# Shallow Understanding on Bayesian Optimization

#### Hard Terms, known in advance :-

Gaussian Process

Noise-Free Global optimization

Noisy Global optimization

Acquisition functions

Surrogate Functions (/Gaussian Process)

Stochastic

Bayesian Regression

What is Gaussian Process ??

- It is an **Bayesian Regression**

- It is an **exact** interpolation **regression** method.

- It is a **natural generalization** of **linear** regression.

- It specifies a
**Distribution****over***functions*.

B**ayesian Optimization** is a method that uses some kind of approximation. Imagine, if we don’t know a function, what we usually do? Ofcourse, we will try to guess or approximate it with some know prior knowledge. The same idea is behind the **posteriori probability**. The criteria here is that we have **observations**, where the data are coming records by records (**online-learning**), so we need to train this model. The trained model will obviously obey a function. That function that we don’t know will absolutely depend on the **learnt data**. So our task is to find the **hyper-parameters** that **maximizes** the learning schema.

We have some *variables* here. One is the **observation records(features + labels)** and the second is the **parameters**, which defines the model.

### eg.

(say for like iny = mx + c; m & c are parameters, and y, x are variables-labels & features. We have an obligation to find these m & c to learn our best model)

Bayesian Optimization helps to find a **best model** among many. We have cross-validation in hand. But how many samples we gonna try on a pre-list to choose a best model among them. That’s why Bayesian approach **speed up** the process by reducing the computation task and doesn’t expect help from the person to guess the values. This optimization technique is based on **randomness** and **probability distributions.**

To say in my words, the *first observed point* comes to the model. we draw a line. Then the next point follows. We joint those 2 points and draw an adjusted line from previous curve. A third point comes, so we draw a non-linear curve. When the number of observed points increases, the number of combination for possible curves increases. *It is same like sampling theorm in Statistics where we estimate a population parameter from sample parameters.*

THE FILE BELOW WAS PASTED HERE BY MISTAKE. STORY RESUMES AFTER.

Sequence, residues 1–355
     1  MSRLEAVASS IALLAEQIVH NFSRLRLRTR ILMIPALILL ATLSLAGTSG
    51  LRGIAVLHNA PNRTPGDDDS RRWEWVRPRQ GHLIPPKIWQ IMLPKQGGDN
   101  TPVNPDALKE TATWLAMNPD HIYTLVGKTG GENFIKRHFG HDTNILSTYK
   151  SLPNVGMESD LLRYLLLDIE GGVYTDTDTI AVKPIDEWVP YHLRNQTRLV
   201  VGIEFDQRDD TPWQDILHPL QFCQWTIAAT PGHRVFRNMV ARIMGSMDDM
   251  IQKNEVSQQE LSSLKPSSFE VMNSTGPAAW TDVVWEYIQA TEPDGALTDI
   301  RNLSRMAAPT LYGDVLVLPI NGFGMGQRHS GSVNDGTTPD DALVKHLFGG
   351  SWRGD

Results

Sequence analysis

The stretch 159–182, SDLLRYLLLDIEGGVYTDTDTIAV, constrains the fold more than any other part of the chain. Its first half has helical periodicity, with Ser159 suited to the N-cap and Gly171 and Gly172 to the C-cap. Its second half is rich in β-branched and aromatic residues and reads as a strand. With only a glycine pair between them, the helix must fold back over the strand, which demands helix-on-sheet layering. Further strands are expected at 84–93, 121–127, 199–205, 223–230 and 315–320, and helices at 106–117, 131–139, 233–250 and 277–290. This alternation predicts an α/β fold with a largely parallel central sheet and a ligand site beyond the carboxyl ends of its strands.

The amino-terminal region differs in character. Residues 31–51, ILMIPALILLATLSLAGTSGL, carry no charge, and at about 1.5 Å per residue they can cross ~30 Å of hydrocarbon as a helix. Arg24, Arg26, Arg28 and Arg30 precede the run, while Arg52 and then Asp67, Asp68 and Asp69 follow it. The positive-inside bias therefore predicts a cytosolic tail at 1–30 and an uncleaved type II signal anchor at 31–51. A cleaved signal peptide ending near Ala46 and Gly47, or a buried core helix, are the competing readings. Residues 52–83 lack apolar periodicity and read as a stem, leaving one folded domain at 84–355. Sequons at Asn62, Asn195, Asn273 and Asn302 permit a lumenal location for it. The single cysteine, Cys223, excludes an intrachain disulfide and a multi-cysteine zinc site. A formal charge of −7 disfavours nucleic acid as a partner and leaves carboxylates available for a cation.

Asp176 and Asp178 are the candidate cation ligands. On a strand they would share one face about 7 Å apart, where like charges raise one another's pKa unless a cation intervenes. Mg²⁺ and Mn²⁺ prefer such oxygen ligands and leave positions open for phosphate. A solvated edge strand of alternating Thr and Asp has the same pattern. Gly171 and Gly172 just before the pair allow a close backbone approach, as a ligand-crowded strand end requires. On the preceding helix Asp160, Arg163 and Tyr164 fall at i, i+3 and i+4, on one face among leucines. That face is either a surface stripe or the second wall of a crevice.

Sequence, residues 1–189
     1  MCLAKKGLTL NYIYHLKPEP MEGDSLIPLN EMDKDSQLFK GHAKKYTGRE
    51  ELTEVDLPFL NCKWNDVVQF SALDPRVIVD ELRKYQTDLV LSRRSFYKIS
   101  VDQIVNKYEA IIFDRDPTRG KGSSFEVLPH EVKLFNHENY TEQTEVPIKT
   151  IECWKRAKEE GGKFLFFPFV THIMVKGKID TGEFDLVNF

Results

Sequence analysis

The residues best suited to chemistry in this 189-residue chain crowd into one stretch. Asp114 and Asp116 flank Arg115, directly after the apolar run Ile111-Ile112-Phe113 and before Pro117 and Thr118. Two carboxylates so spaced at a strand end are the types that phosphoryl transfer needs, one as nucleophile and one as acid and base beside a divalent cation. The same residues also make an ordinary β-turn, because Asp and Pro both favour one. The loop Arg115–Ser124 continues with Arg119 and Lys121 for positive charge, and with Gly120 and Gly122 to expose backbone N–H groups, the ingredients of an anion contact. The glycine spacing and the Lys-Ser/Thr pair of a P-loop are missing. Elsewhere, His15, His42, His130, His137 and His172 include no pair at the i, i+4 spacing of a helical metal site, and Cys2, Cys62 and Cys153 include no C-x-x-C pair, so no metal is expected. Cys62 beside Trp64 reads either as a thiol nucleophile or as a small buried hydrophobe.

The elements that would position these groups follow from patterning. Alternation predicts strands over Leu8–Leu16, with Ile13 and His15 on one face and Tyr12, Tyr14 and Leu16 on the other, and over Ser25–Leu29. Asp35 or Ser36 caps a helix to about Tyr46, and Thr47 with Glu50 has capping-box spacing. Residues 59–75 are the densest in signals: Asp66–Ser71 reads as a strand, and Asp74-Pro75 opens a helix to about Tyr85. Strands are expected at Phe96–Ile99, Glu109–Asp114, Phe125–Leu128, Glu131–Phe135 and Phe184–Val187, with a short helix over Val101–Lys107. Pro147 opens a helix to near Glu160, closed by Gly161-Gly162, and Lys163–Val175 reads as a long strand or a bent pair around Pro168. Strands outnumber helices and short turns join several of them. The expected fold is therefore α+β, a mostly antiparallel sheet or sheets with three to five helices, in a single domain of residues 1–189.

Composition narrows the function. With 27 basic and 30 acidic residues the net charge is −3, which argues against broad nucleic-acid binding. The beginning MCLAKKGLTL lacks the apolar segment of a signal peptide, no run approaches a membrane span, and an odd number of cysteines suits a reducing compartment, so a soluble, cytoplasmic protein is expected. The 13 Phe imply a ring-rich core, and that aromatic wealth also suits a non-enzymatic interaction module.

We plot another **histogram curve** along with the non-linear objective function curve. That tells, where the **max** value will present among all past observations for a given objective function curve(finding **arg** max).

Our goal here is **not** to determine the objective function(which is unknow) as a curve completely with as much as observed points as possible. Instead, we need the **arg of the maximum value**(index of the max function). So we need to divert out concentration towards the histogram function. When the possible combination of objective function curves increases the histogram forms a distribution, which describes the acquisition funtion. It is the idea behind Bayesian Optimization.

REMEMBER, our goal, primarily need to determine the arg of the max value, and secondarily selecting next best possible max value, which could be on the function curve.

We see many **waggle curves** in the plot. That tells the range of the function curve **next point could be located** at given a sampled point. The variance gives the distribution from the mean value on the function curve.